WASHINGTON — Laurie Dishman, a 37-year-old food services manager from Sacramento, said it was time to face her fears head-on, so she took a therapeutic trip to the Port of Miami last weekend.
It was the first time she'd gone near big ships since 2006, when she was raped on a cruise by one of the ship's janitors. Back then, she was appalled when the crew responded by telling her that she needed to control her drinking. So on Sunday, at one of the busiest ports in the nation, she handed out more than 300 pamphlets to people as they began their vacations, warning them of danger.
"There are no laws out there," Dishman said in an interview. "All kinds of things can happen on this floating city in the middle of the ocean, and there's no security. There's no protection. You think you have American rights when you board a ship, but you don't."
The industry is fighting back, saying that Americans are safer on cruise ships than they are on land and that no regulatory changes are needed.
"The cruise industry's number one priority is safety of its passengers and crew," said Terry Dale, the president and chief executive officer of the Fort-Lauderdale, Fla.-based Cruise Lines International Association, which represents 24 cruise lines and 16,500 travel agencies. "Quite simply, Americans are extremely safe at sea today."
Dishman, however, is confident that her message will lead to a new federal law. When Congress returns from its summer recess on Sept. 8, she and other crime victims will be on Capitol Hill to lobby for a plan that would force cruise industry officials to change the way they do business.
Critics say that immediate changes are needed because under current law, cruise ships aren't required to report even the most serious crimes that are committed in international waters.
Congress is considering legislation that would force cruise ships to maintain logs that record all deaths, missing individuals, alleged crimes and passenger complaints of theft, sexual harassment and assault. That information would be made available to the FBI and the Coast Guard, and the public would have access to it on the Internet.
The legislation also would require cruise ships to have security latches and peepholes on passengers' stateroom doors. Ships also would be required to keep medication to prevent the transmission of disease after a sexual assault, along with equipment to perform exams to determine if a passenger had been raped.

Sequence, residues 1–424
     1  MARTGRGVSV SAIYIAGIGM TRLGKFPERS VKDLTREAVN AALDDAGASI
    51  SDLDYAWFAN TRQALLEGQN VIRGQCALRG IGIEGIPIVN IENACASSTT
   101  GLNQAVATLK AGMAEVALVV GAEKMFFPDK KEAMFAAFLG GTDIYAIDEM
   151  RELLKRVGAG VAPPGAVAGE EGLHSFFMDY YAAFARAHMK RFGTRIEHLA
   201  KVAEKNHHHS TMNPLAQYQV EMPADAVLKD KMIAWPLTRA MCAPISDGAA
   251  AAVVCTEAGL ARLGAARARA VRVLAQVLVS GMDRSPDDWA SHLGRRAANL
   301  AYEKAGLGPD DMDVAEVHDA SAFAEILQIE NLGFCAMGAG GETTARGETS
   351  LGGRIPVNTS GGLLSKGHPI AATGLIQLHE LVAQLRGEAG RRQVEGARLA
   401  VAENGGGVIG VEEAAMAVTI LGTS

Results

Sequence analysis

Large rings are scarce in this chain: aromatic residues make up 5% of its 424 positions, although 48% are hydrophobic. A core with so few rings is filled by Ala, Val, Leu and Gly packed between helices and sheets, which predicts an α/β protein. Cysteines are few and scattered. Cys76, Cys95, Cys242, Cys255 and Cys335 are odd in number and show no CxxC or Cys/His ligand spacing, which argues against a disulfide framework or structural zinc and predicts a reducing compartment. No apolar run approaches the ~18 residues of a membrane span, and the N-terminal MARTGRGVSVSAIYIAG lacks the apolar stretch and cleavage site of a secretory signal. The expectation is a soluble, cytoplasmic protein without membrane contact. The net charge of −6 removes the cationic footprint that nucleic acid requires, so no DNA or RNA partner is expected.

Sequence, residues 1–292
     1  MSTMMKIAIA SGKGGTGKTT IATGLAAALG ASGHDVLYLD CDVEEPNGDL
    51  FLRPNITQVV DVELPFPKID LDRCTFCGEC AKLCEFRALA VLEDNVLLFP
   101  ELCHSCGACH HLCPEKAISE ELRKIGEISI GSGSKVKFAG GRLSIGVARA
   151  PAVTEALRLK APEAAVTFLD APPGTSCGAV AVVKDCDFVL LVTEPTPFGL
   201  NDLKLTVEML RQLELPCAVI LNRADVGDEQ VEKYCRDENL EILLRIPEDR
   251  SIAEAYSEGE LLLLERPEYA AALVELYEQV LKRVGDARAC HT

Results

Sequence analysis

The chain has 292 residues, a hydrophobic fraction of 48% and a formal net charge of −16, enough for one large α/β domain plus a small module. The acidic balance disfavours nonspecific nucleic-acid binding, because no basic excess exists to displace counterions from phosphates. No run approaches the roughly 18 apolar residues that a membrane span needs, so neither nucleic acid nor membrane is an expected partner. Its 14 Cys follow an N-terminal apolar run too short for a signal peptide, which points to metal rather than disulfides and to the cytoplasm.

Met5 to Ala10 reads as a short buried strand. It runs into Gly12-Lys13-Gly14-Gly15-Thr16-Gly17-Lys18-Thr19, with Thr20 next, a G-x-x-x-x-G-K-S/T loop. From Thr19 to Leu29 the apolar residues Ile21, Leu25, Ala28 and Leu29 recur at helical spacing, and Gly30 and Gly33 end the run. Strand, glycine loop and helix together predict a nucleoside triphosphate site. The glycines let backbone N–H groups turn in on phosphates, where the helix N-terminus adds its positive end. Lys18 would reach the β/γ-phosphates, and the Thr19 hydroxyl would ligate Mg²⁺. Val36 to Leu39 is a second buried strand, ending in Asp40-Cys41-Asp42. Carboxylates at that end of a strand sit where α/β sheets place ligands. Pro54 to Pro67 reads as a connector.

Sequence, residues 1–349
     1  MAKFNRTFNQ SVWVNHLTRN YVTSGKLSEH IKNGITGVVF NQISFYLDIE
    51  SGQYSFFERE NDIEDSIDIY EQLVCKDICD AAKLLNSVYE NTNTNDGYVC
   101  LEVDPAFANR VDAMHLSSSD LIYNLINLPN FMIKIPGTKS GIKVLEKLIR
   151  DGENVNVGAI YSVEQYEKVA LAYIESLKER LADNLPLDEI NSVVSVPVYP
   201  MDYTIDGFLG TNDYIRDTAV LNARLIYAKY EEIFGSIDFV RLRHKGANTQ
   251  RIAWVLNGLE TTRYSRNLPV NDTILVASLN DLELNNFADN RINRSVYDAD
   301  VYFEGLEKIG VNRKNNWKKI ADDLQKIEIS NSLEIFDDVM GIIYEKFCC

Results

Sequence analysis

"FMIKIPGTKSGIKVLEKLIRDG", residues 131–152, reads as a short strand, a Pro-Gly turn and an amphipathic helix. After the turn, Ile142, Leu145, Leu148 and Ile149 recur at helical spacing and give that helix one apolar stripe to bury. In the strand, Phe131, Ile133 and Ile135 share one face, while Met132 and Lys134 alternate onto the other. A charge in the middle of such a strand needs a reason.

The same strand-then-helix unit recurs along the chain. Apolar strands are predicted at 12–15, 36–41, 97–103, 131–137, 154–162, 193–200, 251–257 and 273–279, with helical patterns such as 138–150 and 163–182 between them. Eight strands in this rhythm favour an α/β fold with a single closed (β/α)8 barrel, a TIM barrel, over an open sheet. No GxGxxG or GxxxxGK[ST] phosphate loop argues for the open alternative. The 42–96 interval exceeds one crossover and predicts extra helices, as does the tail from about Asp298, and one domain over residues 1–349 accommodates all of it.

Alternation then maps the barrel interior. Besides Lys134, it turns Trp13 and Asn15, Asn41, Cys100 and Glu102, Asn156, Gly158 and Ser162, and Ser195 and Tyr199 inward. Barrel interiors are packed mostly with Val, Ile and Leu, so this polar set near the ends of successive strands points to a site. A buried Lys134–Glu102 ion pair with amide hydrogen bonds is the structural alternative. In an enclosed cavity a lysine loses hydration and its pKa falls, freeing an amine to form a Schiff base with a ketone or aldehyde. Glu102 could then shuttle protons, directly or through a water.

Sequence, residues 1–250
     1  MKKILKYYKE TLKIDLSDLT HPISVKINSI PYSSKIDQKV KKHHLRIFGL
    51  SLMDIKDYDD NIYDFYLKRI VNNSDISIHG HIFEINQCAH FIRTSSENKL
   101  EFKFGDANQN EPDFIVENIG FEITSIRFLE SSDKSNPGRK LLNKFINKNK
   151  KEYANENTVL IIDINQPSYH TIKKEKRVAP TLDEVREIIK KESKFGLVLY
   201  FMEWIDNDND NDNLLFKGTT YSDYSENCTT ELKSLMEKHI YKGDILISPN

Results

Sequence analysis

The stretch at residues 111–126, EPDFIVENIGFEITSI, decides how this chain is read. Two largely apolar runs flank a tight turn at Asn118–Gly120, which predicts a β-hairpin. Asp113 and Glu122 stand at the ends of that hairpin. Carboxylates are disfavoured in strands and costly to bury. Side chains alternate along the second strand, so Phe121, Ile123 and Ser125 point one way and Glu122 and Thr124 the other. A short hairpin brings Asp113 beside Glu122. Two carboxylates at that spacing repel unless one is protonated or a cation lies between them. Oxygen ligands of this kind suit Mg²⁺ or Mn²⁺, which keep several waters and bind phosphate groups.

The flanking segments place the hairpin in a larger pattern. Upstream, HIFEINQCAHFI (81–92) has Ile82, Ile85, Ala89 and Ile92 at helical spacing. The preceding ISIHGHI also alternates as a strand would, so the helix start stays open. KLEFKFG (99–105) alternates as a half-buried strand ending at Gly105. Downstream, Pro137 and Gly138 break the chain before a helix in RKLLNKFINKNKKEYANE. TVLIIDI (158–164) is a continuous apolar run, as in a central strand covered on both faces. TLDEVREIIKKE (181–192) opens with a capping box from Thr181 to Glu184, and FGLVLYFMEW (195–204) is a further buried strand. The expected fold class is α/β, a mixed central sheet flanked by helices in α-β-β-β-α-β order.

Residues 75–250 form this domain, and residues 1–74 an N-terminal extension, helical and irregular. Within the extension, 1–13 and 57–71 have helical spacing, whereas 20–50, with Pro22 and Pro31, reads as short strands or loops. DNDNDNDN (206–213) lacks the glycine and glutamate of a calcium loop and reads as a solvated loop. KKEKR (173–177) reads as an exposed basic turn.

"Twelve million Americans will board cruise ships this year, and they should know they are safe," said Democratic Sen. John Kerry of Massachusetts, who's teamed up with Democratic Rep. Doris Matsui of Sacramento to lead the proposed crackdown.
Matsui said that she began investigating the issue after Dishman first contacted her, frustrated because she'd received no help from Royal Caribbean in identifying the attacker or securing evidence after the rape.
As part of the congressional investigation, Matsui said she discovered that there have been no convictions for rape on cruise lines in 40 year.
"What we have found is truly alarming," Matsui said. "There is little to no regulation of the cruise industry, and far too many crimes go unprosecuted each year."
At a recent Senate subcommittee hearing, Dale of the Cruise Lines International Association said that questions about the industry's safety record have been raised because "our care and compassion in the past toward those who have suffered injury or loss has not always been satisfactory."
He didn't mention specific cases but noted that the industry creates thousands of jobs and said that it's made "great strides" in improving its safety procedures in the past two years.
Among the measures now in place, Dale said:
- Passengers and luggage are screened.
Dale said that independent surveys have found that 95 percent of cruise passengers are satisfied with their experience and that more than half of all cruise passengers are repeat customers.
"I submit this would not be the case if safety or security were perceived as a serious problem," Dale said.
Sen. Kerry became involved in the issue when Merrian Carver of Cambridge, Mass., disappeared on a cruise in 2004. Kerry said the case was shocking because employees didn't tell the FBI she was missing until weeks later, when her family started asking questions.
"Merrian's story is not an isolated case," Kerry said. "Despite being owned by American citizens and headquartered in the United States, cruise ships operate under foreign flags, allowing them to avoid United States law when they are beyond U.S. territorial waters. With respect to jurisdiction over crimes, the law is murky at best."
The situation is similar to a U.S. citizen taking a vacation in a foreign country, where the responsibility for crime prevention and response lies with the country that a person is visiting, said Rear Adm. Wayne Justice, the assistant commander for response with the U.S. Coast Guard.
"While some alleged homicides, disappearances and serious sexual crimes have garnered appropriate attention and concern, there is no data to suggest that crime on cruise ships is more prevalent than in any other vacation venue," Justice said.
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